If Coach Dixon had opted to bring Steven Adams to New York City for Big East Media Day, I have no doubt that he would have been the player getting the most media attention. The big kid is already the player getting the most buzz in the Big East in terms of curiosity.
Time to take a look at the interest around Steven Adams.
Over at SI.com, Seth Davis classifies Adams as the most intriguing freshman.
For intrigue, however, it’s hard to beat Pittsburgh’s Steven Adams. A seven-foot center from New Zealand, Adams is extremely skilled and agile for a player his size. He even outplayed Noel when their high school teams faced off last season. Aside from DaJuan Blair, Jamie Dixon has never recruited a player this heralded, and Adams is joining the program at the perfect time. The Panthers had a disappointing 2011-12 — it was the first time in Dixon’s nine years that they failed to make the NCAA tournament — but that was partly because early on point guard Tray Woodall sustained a leg injury that dogged him all season. Woodall is now at full strength, and the team is adding another prized freshman, 6-3 guard James Robinson, as well as Central Michigan transfer Trey Zeigler. Adams will give Pitt a unique presence in the post. If he’s fun to watch, the Panthers will be as well.
Also check out the note after Adams regarding officiating and the call of block/charge.
In an ESPN.com roundtable, Andy Katz also goes with Adams and the intrigue.
3. Between freshmen and transfers, what player are you most looking forward to seeing in his new jersey?
Katz: A 7-footer from New Zealand with an intriguing backstory? I’m in. Incoming Steven Adams has a quirky personality, but he’s the sort of character college basketball fans might fall in love with. And Pitt, after its worst season in years, is really going to need him. Adams might not be a superstar right away, but there’s a reason he vaulted to No. 6 in the ESPN 100 once our scouts saw him play. He has the type of talent to help the Panthers bounce back.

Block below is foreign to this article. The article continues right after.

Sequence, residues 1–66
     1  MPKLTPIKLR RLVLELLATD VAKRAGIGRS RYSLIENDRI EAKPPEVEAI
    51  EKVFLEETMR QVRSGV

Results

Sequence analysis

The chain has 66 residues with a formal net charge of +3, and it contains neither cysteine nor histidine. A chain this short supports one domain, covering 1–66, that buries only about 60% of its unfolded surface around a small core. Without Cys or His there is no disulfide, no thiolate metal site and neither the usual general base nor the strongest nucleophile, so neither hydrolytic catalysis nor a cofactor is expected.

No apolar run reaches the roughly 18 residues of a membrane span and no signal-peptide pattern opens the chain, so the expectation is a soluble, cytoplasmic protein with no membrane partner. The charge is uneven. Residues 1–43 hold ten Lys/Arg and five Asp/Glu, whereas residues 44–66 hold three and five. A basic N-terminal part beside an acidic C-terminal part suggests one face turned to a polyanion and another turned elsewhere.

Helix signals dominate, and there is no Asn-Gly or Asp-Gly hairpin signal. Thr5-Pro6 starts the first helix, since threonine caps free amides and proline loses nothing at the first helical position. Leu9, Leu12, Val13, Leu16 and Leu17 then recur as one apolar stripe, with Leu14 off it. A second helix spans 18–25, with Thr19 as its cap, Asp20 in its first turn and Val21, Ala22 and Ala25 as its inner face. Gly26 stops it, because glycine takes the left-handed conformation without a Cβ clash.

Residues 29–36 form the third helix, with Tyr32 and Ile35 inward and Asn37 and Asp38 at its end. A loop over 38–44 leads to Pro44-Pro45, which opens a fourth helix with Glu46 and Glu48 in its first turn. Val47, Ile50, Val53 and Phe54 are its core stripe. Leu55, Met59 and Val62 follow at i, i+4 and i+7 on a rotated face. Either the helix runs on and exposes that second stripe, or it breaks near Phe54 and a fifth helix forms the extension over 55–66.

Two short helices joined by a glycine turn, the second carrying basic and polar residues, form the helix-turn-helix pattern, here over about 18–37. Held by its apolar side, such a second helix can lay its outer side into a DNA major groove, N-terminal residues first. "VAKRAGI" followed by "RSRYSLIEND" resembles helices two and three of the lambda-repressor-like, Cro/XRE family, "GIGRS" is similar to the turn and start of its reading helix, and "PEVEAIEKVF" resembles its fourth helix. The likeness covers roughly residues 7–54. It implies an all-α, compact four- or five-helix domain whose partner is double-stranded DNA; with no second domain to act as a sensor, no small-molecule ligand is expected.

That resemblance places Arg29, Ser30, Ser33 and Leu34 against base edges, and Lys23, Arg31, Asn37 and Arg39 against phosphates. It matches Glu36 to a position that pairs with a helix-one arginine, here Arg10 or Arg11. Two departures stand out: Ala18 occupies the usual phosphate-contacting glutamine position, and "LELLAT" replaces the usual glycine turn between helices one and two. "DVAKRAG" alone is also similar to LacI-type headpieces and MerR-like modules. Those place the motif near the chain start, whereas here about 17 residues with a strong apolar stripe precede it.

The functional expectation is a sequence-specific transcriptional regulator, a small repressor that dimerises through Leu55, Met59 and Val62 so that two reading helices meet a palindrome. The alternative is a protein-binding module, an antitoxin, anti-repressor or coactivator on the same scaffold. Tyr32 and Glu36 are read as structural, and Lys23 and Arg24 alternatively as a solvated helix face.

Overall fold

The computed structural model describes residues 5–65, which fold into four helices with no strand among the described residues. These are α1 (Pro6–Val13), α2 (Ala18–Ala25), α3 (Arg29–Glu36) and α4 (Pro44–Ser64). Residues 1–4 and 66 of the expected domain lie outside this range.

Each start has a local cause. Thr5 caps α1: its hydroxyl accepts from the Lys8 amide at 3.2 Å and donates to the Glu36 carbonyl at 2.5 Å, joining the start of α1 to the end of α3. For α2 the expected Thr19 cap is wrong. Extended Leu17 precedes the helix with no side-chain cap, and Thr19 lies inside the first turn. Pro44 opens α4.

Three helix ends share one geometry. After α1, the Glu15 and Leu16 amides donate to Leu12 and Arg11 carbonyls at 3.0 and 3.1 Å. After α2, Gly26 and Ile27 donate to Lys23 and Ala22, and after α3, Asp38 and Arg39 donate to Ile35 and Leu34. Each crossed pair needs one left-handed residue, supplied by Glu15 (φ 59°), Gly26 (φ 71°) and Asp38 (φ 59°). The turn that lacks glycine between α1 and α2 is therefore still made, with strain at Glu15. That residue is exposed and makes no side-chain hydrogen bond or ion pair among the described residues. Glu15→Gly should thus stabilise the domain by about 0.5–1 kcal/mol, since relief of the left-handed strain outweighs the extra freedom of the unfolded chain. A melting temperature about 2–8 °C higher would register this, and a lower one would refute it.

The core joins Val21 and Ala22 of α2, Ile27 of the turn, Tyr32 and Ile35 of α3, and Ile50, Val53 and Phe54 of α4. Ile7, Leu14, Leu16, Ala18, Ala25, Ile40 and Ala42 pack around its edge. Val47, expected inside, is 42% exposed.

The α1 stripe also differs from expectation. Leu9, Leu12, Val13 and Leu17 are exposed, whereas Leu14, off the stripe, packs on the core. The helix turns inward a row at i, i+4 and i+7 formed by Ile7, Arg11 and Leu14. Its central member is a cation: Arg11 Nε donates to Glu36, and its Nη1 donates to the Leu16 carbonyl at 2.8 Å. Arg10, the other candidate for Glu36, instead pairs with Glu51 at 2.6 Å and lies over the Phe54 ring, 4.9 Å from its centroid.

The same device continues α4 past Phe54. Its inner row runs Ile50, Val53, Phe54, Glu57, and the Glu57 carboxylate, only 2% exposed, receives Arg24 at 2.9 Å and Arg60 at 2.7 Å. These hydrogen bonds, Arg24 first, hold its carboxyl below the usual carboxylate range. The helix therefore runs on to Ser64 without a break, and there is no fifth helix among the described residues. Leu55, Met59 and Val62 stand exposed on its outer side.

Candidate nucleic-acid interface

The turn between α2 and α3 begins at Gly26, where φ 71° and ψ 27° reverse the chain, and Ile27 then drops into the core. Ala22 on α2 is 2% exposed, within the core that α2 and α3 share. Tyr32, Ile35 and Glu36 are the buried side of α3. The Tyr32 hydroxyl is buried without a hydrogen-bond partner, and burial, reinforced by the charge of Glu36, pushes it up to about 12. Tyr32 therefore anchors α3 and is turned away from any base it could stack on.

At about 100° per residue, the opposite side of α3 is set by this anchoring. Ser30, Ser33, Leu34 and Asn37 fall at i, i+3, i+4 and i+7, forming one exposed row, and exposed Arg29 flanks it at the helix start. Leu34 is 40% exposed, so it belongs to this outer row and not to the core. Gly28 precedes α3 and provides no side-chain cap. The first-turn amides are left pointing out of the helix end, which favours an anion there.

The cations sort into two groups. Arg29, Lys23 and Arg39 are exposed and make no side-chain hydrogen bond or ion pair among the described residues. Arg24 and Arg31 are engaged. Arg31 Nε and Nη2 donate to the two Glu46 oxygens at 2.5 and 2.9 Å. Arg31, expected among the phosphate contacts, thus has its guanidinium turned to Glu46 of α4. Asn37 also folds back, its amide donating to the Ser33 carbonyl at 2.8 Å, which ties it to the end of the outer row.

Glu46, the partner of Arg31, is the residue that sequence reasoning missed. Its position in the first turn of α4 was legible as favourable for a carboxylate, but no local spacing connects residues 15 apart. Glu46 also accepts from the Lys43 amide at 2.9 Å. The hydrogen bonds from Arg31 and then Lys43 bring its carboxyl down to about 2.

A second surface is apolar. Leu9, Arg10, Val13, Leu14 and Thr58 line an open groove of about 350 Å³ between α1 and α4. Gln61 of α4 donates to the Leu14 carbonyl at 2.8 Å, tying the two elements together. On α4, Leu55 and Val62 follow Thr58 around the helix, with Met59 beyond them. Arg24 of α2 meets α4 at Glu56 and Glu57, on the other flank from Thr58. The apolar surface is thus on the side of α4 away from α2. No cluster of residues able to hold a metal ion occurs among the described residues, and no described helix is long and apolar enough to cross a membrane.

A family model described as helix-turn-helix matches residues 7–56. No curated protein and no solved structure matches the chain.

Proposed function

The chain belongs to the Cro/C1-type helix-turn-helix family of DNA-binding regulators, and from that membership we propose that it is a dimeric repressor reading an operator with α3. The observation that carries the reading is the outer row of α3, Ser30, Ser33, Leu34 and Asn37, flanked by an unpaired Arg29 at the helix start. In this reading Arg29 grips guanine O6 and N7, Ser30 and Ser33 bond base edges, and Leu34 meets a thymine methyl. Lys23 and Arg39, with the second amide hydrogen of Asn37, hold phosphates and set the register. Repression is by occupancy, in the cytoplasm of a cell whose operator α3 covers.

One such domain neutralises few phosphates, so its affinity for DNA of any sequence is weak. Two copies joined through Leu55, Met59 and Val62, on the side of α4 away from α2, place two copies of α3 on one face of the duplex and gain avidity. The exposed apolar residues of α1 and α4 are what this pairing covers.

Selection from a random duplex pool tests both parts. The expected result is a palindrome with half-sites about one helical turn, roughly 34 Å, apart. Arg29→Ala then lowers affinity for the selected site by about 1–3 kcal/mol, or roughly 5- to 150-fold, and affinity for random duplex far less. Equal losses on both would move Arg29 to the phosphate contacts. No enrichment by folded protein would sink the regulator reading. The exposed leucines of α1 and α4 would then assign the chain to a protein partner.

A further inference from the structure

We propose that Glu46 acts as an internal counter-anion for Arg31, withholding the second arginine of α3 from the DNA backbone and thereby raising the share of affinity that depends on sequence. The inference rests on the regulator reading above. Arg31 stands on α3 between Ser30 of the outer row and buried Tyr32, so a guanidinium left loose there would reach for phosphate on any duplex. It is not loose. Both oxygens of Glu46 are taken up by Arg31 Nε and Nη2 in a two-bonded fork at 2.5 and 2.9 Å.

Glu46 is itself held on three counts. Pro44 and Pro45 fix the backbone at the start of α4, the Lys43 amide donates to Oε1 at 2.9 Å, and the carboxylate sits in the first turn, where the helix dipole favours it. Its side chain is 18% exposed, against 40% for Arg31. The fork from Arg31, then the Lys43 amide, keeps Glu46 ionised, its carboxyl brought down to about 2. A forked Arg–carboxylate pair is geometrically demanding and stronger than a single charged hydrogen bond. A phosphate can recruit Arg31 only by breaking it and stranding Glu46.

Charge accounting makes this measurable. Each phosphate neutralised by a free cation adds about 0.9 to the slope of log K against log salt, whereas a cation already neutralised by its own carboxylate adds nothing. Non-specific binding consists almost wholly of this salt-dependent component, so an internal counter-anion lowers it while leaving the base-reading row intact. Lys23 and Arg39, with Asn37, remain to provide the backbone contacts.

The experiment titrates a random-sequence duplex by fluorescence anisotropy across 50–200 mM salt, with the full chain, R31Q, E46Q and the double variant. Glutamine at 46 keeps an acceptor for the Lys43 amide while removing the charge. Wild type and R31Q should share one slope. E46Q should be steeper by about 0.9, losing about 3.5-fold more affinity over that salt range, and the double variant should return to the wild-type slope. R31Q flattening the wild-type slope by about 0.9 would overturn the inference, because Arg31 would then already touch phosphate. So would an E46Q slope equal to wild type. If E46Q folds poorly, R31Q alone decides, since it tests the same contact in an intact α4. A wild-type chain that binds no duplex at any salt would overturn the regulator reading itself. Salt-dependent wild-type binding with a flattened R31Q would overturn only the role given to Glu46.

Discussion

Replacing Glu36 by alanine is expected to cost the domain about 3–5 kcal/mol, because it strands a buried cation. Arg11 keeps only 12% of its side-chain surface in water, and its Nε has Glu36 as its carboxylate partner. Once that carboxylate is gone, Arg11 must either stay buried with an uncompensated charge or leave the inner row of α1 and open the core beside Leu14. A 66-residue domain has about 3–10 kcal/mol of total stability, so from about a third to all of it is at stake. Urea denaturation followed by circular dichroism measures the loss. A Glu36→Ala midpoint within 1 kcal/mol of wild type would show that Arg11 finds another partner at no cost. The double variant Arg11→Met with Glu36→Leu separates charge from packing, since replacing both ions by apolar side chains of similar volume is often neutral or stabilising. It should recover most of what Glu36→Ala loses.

Jay Bilas tabs Adams as the best new player in the Big East (Insider subs).
4. Who will be the Big East’s top newcomer?
I’ll go with Adams, Pittsburgh’s incoming freshman center. He is a true center who is a very productive rebounder and shot-blocker, in addition to being a skilled passer with a great feel for the game. He is mature and fully prepared to step in and play at a high level.
Adams is physical, and he is unafraid. One of 18 children (he has a sister who competed in the shot put in the Olympics), Adams is a future pro who will be relied upon from his first day at Pitt.
As a bonus, Bilas also goes with Pitt as the “surprise” team.
3. Which team could surprise?
Can Pittsburgh be considered a surprise after a surprisingly rough season in 2011-12? Jamie Dixon hadn’t experienced real Big East adversity until last season, but to his great credit, he never changed his approach and toughed it out. The Panthers have a healthy Tray Woodall at the point and really good newcomers in center Steven Adams, transfer Trey Zeigler and physical combo guard James Robinson.
The Panthers need to get back to defense and rebounding, but I think you can expect Pitt to be Pitt again.
Another team that could surprise is Rutgers, with the experience of Dane Miller and Mike Poole, Kansas State transfer Wally Judge and guards Eli Carter and Myles Mack.
And no surprise that Chad Ford puts Adams down as the top NBA prospect in the Big East (Insider subs).
1. Steven Adams, C, Fr., Pittsburgh
Top 100 Rank: 8
Adams remains an enigma for most NBA scouts. He’s ranked this high primarily on an eye-opening performance from the summer of 2011 at the adidas Nations camp.
Adams’ strength and athleticism translate into a fierce defensive presence. His brief play in the U.S. at prep school was met with mixed reviews, and now he shows up at Pittsburgh as a huge question mark.
Can the New Zealand native make the leap to Big East basketball? He’s got a pretty huge learning curve ahead of him. Will coach Jamie Dixon give him serious playing time? In the past, he’s been reluctant to play top freshmen, but then again, I’m not sure he’s had a prospect this good.
Everyone thinks he has the physical tools to be an NBA lottery pick some day. The question really is, will it be in 2013?
Hey, a “Dixon doesn’t play freshmen” comment. Everyone drink!